Something interesting is happening in Hollywood this year. IFC Films just released a theatrical trailer for The Reluctant Fundamentalist, a movie based on the tense and brilliant 2004 novel by Mohsin Hamid. The film follows Ahmed, a young Pakistani man who graduates from Princeton University and secures a job at a top Wall Street financial firm. But his fast track to the American Dream is derailed following the September 11 attacks on the World Trade Center.
On Sunday, we’ll be presented with two Best Picture Oscar nominees dealing with backlash against American foreign policy in the Middle East. Argo addresses the 1979 Iran hostage crisis, while Zero Dark Thirty charts the more recent hunt for Osama Bin Laden. Yet critically lauded as these films are, The Reluctant Fundamentalist attempts something they don’t: it explores the impact these events had not on Americans, but those victimized by American retaliation. This is a vital move towards publicly addressing the human costs of our foreign policy decisions, and their domestic manifestations.
In the Fundamentalist trailer, the protagonist is asked if he chose a “side” after 9/11, to which he replies, “I didn’t have to. It was chosen for me.”
The question implies that Ahmed’s Pakistani identity creates the automatic likelihood of exclusion from an “American” post-9/11 experience. Even though he’s a “lover of America,” he’s made to "feel very Pakistani.”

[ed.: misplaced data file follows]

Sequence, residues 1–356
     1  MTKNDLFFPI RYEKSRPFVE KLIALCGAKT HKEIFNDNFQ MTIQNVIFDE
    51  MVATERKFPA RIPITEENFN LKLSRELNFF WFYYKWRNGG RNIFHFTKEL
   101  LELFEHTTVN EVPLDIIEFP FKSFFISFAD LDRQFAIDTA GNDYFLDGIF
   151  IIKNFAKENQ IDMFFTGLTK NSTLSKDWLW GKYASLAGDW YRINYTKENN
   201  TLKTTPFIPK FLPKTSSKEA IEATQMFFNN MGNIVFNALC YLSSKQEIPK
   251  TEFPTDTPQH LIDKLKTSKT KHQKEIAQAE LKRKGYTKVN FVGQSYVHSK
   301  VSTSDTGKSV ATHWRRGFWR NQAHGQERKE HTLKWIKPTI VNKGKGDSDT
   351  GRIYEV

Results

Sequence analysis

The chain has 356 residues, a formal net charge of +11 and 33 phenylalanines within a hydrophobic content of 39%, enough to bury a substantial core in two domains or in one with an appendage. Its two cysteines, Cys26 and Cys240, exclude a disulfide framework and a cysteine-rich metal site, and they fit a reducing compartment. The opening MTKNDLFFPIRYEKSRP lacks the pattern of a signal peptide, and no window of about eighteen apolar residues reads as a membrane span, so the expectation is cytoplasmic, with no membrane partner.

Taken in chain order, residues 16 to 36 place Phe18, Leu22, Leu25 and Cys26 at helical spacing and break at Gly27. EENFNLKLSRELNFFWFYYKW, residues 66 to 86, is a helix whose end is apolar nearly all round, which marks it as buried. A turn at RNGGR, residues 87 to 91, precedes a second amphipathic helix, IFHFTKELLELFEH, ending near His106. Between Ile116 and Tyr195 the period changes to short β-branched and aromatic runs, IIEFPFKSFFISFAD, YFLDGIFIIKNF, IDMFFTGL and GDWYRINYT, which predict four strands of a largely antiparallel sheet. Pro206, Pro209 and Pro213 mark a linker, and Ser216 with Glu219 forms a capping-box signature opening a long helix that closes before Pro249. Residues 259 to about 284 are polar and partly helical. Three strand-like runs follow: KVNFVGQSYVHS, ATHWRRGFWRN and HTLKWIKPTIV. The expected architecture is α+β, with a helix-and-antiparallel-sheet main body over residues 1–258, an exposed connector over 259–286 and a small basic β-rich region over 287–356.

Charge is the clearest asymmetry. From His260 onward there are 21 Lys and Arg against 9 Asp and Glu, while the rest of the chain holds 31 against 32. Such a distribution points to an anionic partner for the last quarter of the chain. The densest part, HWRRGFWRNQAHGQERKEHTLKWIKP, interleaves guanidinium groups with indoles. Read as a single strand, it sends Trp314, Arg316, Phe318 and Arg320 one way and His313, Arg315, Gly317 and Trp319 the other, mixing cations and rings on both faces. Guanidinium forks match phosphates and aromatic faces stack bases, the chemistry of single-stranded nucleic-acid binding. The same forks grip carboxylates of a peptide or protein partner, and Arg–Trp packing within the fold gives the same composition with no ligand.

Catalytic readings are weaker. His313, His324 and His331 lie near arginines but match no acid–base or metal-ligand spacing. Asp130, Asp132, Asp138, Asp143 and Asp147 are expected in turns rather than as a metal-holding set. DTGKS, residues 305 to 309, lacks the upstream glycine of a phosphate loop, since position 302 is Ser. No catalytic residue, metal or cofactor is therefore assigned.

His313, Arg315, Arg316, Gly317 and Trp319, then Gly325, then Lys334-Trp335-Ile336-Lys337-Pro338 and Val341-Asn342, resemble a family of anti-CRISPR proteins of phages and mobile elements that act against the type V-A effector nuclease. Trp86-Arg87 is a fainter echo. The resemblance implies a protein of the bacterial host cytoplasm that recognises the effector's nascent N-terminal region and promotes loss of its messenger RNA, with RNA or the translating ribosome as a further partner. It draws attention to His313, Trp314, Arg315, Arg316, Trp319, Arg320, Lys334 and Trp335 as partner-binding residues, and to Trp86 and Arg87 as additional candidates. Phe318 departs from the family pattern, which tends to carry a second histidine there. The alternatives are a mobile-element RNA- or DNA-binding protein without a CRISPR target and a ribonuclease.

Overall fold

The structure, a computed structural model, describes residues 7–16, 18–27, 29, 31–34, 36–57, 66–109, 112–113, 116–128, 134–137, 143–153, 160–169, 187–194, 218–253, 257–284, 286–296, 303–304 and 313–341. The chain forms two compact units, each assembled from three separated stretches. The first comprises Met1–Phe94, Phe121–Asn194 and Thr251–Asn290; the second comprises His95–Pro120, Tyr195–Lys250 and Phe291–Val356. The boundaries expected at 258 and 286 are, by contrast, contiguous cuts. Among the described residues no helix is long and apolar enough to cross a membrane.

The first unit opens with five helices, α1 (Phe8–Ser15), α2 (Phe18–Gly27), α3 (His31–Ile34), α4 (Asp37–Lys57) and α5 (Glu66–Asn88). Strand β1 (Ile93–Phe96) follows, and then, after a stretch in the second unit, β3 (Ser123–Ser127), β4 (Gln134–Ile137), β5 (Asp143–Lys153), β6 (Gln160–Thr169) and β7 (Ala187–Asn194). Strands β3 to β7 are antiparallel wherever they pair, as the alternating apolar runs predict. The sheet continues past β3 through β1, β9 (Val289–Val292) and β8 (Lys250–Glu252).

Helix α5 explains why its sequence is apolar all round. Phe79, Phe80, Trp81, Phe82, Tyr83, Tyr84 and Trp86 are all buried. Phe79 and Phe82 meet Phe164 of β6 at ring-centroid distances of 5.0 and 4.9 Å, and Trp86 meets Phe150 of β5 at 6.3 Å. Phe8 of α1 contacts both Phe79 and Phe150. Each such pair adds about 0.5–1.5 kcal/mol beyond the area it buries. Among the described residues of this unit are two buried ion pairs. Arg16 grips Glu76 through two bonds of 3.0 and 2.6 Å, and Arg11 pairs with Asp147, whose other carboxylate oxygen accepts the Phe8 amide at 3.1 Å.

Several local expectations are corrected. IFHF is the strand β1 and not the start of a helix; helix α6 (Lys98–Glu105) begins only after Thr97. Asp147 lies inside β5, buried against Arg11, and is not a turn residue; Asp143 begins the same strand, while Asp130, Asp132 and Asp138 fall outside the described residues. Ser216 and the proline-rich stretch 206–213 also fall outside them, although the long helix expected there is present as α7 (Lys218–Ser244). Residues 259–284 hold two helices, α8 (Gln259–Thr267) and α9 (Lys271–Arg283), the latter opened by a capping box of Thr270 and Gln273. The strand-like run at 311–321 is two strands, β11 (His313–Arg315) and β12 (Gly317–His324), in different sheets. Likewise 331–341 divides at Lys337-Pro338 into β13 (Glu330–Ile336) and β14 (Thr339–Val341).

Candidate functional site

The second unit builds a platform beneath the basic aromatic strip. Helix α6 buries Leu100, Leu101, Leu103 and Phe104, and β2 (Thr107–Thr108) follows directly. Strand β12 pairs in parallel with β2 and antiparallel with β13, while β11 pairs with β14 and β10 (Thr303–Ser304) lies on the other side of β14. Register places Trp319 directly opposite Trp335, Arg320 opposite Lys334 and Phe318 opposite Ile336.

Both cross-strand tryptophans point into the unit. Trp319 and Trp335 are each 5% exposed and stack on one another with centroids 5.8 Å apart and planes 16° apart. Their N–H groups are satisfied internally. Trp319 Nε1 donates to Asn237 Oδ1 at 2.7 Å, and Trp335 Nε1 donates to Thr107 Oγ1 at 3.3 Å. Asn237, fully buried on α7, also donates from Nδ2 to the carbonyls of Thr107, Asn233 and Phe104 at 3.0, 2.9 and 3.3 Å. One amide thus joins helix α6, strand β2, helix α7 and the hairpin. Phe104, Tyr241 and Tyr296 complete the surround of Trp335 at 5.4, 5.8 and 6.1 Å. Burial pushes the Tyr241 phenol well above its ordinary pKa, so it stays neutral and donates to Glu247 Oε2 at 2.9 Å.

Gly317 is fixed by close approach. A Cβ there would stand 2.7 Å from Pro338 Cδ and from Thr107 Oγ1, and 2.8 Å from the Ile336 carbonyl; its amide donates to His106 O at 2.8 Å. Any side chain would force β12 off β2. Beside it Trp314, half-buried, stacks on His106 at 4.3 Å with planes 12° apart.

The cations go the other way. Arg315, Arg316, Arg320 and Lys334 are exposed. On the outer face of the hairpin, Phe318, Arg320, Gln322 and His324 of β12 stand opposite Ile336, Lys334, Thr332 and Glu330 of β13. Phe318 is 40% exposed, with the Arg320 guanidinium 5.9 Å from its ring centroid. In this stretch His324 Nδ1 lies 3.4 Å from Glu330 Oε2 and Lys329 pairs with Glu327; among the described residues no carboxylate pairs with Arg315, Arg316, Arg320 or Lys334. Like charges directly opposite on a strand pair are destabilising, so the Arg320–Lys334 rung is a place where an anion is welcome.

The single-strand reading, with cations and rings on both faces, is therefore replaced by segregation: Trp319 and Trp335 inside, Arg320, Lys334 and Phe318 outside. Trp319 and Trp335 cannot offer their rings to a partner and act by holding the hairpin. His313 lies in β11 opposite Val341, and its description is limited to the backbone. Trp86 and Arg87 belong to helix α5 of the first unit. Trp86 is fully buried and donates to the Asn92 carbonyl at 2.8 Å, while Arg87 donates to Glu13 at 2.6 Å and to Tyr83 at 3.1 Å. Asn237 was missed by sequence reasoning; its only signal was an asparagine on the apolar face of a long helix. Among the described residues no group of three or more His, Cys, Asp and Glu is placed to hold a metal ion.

This post-9/11 “othering” of “suspect” communities isn’t limited to racial profiling or hate crimes. It’s an integral part of the events’ cinematic representations as well. The Hurt Locker, for example, presents a complex but ultimately heroic portrait of camaraderie and sacrifice, while neglecting any remotely Arab perspective. Additionally, despite its well-intentioned opening montage, Argo de-historicizes America’s role in the Iran hostage crisis by turning it into a Hollywood-ized chronicle of (again) American heroism and sacrifice. And Zero Dark Thirty (besides the debate over whether or not it constitutes torture propaganda) posits Arab characters as a voiceless means towards an American end. In all these films, the voices of those most profoundly impacted by these events are notably absent.
Don’t misunderstand me: I’m a fan of both The Hurt Locker and Zero Dark Thirty, and Argo was a decent attempt to tell a fascinating story. The filmmakers aren’t obligated to make movies that don’t reflect how they experienced these events, and it’s logical that American directors would tell what they think are “American stories.”
But that doesn’t change the glaring problem their films fail to address: we’re a nation at war, and the justifications for this “war on terror” are largely rooted in marked misunderstandings of the people we’re killing.
The Reluctant Fundamentalist has the opportunity to begin a new conversation surrounding these topics. Its perspective is unique to the American cinematic landscape, and for this alone it should be seen when it comes out in April. One can only hope the issues explored in Ahmed’s story are foregrounded sooner rather than later. Perhaps they'll help America avoid future foreign policy blunders.